Until Mr Lidington’s announcement most lawyers I guess, if they had given the matter any consideration, would probably have instinctively gone for meaning (a), which would mean that prisoners on temporary release would not lawfully be able to vote. Mr Lidington has now implicitly said that meaning (b) is correct. He said in answer to a question from Phillip Davies MP that there were to be “no changes in the law” (and hence no Parliamentary vote) but prisoners on temporary release will now be able to vote. If there is to be no change in the law it follows that the Minister’s view must be that Section 3 does not in fact bar prisoners on temporary release from voting.
If he is right about that, then prisoners on temporary release are already allowed to vote and the whole announcement has been a complete waste of time. If he is wrong about it then notwithstanding his announcement that they will be able to lawfully vote, in fact they will not be. A Minister, even a Minister of Justice, cannot change the meaning of a statute just by announcing “guidance” that from henceforth it means something else.
In fact, whether he is right or wrong is largely beside the point. The numbers of prisoners who might even theoretically benefit from the new guidance is miniscule. According to Mr Lidington it was “up to 100,” which of course could – and I suspect might well – mean absolutely nobody at all.
The only prisoners even potentially able to exercise the right to vote while on temporary release will be those who are still on the electoral roll. Anyone who has been in custody for over 12 months will no longer be on the electoral roll (you can remain on an existing electoral roll, but you cannot join the next year’s whilst in prison), and depending on the date that they are imprisoned many will drop off much sooner than that (which incidentally introduces yet another arbitrary and entirely random factor determining eligibility to vote).
Even among this small subset of prisoners, hardly any will actually benefit in practice. This is because Mr Lidington said:
“These measures will see no changes to the criteria for temporary release, and no offenders will be granted release in order vote.”
Release on Temporary Licence is a form of temporary discretionary parole most often in the form of “resettlement release” towards the end of long sentences, often to allow prisoners to work outside prison. No-one who has been serving a long sentence will be eligible to vote anyway, and “resettlement release” is not available to category A or B prisoners.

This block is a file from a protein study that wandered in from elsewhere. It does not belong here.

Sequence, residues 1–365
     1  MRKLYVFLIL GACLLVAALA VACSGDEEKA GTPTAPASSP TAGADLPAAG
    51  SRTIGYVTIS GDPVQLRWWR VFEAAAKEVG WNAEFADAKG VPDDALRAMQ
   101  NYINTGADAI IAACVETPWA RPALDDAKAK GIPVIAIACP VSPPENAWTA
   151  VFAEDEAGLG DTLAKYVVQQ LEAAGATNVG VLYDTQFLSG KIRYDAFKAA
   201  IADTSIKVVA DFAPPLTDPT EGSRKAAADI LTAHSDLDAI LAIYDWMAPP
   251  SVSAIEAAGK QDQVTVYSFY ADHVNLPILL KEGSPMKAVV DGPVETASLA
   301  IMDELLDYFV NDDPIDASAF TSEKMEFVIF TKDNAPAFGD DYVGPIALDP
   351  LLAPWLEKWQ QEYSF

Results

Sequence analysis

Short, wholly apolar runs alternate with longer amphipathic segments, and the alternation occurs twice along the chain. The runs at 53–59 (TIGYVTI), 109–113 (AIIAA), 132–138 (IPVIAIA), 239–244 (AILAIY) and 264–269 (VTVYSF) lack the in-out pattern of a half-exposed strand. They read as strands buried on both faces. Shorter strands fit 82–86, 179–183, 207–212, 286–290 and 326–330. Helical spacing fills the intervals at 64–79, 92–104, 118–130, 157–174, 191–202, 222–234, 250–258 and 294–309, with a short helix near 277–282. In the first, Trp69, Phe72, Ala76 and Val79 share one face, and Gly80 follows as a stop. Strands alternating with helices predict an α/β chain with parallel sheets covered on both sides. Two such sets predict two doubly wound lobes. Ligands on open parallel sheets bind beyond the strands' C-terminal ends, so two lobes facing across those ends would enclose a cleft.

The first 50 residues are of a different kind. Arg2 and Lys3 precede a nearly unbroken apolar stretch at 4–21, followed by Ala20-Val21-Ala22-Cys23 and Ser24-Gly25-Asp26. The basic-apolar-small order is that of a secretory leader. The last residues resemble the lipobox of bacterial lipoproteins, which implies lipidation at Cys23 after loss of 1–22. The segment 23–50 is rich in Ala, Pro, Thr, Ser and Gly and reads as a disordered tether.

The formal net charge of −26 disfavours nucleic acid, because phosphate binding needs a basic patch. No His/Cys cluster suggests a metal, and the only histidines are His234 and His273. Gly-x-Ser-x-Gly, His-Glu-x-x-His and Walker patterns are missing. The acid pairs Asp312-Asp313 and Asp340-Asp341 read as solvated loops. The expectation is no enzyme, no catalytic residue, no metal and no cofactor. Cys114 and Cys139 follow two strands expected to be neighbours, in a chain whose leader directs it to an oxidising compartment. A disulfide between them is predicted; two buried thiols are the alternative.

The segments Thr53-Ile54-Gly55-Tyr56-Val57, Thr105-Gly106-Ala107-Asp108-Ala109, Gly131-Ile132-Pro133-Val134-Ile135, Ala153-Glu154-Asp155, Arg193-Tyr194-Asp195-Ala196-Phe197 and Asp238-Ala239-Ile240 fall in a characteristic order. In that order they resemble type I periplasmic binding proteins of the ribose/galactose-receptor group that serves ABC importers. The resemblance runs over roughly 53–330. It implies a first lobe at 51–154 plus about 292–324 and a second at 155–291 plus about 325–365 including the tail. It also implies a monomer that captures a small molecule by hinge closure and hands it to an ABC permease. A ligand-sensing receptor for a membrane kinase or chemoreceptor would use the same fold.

Though theoretically available whatever the sentence length, resettlement release is rarely used in the case of short sentences where prisoners might still be on an electoral roll. Such prisoners might occasionally be granted ROTL if they are the sole carers for children, or for special, one-off purposes such as visiting terminally ill relatives or attending a funeral, or perhaps for an overnight stay out of prison towards the end of a sentence. It is up to the Secretary of State (or in practice the governor of the relevant prison) to issue licences to prisoners granted ROTL, and the licences would normally specify what activities the prisoner is allowed to undertake while on release. Prison Service Order 6300 (which sets out the existing rules which governors apply) is currently silent about whether prisoners on ROTL are allowed to vote in elections; presumably the substance of the “guidance” that Mr Lidington is proposing would be to the effect that from now on ROTL licences will explicitly permit prisoners to vote if they are otherwise eligible to do so.
Unfortunately, even amongst the tiny numbers of prisoners who might be released on ROTL at election time, and be entitled to vote, there is a yet another obstacle to them actually doing so: unless they happen to to be temporarily released to the place where they are on the electoral roll they will not be able to get to a polling station to vote anyway.
In summary, Mr Lidington’s proposed solution to the Hirst conundrum is so inconsequential that it is would not be unfair to call it frivolous. It does not alter any part of the law that the ECtHR said should be altered; if it has any effect at all (which is doubtful) it will apply to hardly anybody, and those to whom it will apply would probably have been entitled to vote anyway.
It is perfectly true that amongst the human rights issues of our time, the ban on British prisoners voting in elections is some way off being the most important. There are perfectly reasonable arguments either way. The judgment in Hirst is certainly not beyond criticism (see in particular per Lord Sumption in Chester & McGeoch  UKSC 63) But whatever your views on that issue, or even on Britain’s membership of the Convention itself, ridiculous ruses like Mr Lidington’s do not help at all. Once again, where our political leaders should be offering leadership we see only pusillanimity, cowardice and a flinching away from any confrontation with popular opinion. This is particularly regrettable coming from a Lord Chancellor. Having agreed to accept the rulings of the ECtHR, this country should not feel able flagrantly to ignore its rulings, and to do so more or less indefinitely. It is the clearest breach of international law, it demonstrates that Britain cannot be trusted to keep its word, and it undermines any chance that the ECtHR has of protecting human rights in countries like Russia or Turkey where the remnant of the rule of law is sometimes the only hope for those facing arbitrary detention, unfair trials and perhaps even the gallows.